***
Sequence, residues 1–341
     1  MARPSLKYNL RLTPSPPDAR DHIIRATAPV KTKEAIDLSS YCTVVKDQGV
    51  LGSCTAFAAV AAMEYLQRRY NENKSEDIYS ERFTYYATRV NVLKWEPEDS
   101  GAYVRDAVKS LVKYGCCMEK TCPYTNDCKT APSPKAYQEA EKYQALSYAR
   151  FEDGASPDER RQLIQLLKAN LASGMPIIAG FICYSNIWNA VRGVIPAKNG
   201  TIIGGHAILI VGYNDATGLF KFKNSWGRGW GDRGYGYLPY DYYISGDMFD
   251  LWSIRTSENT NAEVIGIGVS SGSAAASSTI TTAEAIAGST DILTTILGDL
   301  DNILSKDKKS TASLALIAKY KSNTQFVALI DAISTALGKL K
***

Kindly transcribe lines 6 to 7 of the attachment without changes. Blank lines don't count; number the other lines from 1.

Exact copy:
   201  TIIGGHAILI VGYNDATGLF KFKNSWGRGW GDRGYGYLPY DYYISGDMFD
   251  LWSIRTSENT NAEVIGIGVS SGSAAASSTI TTAEAIAGST DILTTILGDL